My husband & I were discussing a family member & her children. We privately think she's doing a terrible job. We talked a lots. My husband said, "Man, we would have been terrible parents." We laughed. I agreed with him. I suppose even the worst people pull it together & cobble together an ok life for a child. I'm sure we would have. But it wasn't in the cards.

I do have sadness from time to time. I think about being old and alone, dying in a nursing home with a nurses aid checking on me. That could be how it ends for me. On the other hand, I just enjoyed a lovely lunch & have a nice evening planned. I might knock off work early and get hit by a truck on my way home. We don't get to pick how we die, where we end up, how we decline. God gives us life and situations and we must live our lives with truth and honor and the promise of eternity.

Most of my adult life I've lived, thinking I'm getting away with some great caper. That I'm "getting out" of motherhood. I dodged diapers, the breastfeed debates, vaccination decisions and a myriad of other things. I keep running, feeling secretly glad to not have to deal with a 2 year old's meltdown in walmart. Relieved that I can eat ice cream for dinner and skip church if I want-because I'm not a role model for anyone. I'm free of the rules & chains that come with motherhood.

While I'm relieved and happy-I'm not gleeful. I know I'm missing out on some really great things by not having a child. Nieces & nephews are a good substitute but not the real thing. I know this and part of me is sort of sad.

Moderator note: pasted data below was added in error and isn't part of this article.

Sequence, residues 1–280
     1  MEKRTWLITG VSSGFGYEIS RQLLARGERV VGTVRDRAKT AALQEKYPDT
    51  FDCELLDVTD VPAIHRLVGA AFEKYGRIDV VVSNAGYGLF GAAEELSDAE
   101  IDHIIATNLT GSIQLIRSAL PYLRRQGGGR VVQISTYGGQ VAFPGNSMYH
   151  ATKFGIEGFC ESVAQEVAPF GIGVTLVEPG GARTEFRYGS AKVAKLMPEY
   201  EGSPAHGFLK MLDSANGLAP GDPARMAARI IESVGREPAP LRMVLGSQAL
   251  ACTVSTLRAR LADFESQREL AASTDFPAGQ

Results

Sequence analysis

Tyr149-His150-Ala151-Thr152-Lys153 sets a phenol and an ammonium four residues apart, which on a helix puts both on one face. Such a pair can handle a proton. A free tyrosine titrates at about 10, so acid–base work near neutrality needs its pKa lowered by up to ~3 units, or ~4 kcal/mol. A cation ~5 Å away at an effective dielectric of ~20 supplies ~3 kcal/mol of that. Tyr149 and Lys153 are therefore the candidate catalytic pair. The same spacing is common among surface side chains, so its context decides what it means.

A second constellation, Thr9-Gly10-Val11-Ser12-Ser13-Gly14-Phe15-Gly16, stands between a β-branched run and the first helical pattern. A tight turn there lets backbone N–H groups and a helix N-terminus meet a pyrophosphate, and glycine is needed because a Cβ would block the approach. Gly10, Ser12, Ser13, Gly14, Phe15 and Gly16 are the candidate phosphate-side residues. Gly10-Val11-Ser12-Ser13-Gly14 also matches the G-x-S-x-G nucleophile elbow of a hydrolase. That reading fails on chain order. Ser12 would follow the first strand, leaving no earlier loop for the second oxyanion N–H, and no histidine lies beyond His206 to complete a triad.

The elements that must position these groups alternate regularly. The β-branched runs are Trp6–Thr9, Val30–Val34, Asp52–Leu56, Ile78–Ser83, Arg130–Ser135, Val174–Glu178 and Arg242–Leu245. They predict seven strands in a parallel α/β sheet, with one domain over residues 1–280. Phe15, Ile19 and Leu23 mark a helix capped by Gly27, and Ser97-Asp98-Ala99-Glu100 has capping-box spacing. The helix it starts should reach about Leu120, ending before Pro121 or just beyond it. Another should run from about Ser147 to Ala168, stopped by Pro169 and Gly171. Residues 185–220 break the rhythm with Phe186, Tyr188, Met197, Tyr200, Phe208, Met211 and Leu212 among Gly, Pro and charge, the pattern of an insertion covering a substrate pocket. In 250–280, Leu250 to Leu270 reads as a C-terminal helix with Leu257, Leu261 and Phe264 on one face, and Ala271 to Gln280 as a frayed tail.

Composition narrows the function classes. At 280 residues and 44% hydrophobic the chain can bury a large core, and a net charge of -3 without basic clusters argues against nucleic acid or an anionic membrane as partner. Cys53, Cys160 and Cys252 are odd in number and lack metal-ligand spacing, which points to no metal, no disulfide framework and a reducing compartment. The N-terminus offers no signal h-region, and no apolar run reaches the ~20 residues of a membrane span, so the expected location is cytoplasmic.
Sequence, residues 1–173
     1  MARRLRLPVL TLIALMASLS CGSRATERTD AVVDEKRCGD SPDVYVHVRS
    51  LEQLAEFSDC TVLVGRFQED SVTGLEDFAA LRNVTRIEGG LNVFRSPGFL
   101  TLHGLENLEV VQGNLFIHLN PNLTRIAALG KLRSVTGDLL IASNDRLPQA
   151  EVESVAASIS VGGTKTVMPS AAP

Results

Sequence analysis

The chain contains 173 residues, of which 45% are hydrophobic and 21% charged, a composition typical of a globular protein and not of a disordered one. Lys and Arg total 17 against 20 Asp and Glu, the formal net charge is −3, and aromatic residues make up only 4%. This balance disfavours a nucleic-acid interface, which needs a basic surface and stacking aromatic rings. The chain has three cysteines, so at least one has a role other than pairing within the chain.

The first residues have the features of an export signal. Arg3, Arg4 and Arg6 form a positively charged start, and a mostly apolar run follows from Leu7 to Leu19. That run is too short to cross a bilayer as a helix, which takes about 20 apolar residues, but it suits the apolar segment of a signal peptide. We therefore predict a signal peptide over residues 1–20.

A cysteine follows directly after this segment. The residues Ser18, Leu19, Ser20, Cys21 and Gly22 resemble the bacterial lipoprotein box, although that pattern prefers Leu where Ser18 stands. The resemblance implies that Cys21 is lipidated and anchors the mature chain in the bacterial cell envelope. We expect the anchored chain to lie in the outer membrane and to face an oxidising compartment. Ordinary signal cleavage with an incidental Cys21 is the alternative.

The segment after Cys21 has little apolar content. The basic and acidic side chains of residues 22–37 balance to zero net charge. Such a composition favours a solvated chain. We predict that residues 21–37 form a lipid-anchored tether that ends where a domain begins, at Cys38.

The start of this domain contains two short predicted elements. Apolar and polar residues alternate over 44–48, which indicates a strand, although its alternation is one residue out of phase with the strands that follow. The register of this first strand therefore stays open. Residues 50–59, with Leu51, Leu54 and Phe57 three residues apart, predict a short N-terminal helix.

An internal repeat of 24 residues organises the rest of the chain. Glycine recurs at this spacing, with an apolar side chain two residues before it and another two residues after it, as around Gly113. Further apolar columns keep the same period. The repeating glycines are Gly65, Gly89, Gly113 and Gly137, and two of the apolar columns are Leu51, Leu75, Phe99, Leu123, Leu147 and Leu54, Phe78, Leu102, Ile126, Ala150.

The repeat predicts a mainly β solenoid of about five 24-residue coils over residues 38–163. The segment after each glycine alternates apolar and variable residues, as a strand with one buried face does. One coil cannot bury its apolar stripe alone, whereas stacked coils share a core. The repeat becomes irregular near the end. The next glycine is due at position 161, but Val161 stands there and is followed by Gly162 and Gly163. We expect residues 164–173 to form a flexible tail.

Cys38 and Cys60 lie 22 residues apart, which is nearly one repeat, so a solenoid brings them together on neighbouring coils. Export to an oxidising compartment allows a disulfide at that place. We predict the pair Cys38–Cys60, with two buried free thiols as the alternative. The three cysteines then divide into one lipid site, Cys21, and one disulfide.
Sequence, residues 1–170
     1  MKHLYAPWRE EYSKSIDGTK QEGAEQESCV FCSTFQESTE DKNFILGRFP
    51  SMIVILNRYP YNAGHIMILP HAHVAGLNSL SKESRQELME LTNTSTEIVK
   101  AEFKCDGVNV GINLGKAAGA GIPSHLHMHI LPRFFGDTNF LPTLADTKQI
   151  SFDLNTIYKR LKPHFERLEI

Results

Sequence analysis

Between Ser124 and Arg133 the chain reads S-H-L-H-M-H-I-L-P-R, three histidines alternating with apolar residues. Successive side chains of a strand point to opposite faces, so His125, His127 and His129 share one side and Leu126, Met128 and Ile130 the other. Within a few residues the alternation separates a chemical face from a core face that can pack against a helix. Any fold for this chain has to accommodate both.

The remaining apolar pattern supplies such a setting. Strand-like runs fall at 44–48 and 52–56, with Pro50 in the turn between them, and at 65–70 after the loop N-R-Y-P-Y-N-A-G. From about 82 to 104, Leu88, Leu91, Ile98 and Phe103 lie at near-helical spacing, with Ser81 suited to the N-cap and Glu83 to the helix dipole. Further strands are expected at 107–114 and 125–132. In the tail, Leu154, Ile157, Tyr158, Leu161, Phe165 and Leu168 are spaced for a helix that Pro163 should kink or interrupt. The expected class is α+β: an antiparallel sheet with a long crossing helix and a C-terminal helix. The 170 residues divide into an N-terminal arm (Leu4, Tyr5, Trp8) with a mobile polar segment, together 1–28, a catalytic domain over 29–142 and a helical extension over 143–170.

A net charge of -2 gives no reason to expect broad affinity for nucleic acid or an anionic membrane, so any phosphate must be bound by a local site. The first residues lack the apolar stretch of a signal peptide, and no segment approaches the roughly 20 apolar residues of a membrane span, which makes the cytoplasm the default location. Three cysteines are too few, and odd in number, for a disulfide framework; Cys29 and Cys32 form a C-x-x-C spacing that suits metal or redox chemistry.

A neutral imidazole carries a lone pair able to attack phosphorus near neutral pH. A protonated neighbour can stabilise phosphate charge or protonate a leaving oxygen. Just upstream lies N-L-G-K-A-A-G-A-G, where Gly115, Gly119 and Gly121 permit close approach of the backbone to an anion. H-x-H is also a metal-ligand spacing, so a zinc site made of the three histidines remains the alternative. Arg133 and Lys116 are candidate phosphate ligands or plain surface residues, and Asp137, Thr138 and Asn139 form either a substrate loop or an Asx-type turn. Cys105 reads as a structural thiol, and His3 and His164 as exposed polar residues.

But I'm mostly happy. I'm not sure why I kept telling myself that eventually I'd HAVE to have a baby. I worried myself for years thinking that this is the year I SHOULD then eventually MUST, focus on having a baby.

I lived with guilt. Feeling bad I could hop in my car and drive away while others had to fuss with the car seat before leaving a good 10 minutes after I've hit the road. I somehow assumed I was less of a woman because my life was "easy" & theirs was something hard that I could never handle.

I'm finally getting it. The story of my life is the people I love-not just the people I create. I live a good life. A great one. The chapter entitled, "and she never had children" is a short one in a lifetime of great highs and some really interesting lows.

I know many people visit here because they really do want motherhood. So this isn't a "stick-it" in their faces. My struggles have been real and this place has helped. I know I'll be back because I don't always feel this strong. Some days I might regret my choices. But I've turned a corner and for today I'm not going to feel sad, depressed or guilty. I'm living my life authentically. It feels good.

Thanks Sue, for the spark. I'm going to work harder to follow my passions. Many blessings to you! Anon S

Sue Fagalde Lick said...

Thank you for this comment, Anon S. If you have time, I'd love it if you could post it at the new site, too. I'm glad you've found peace on this issue. Blessings to you, too.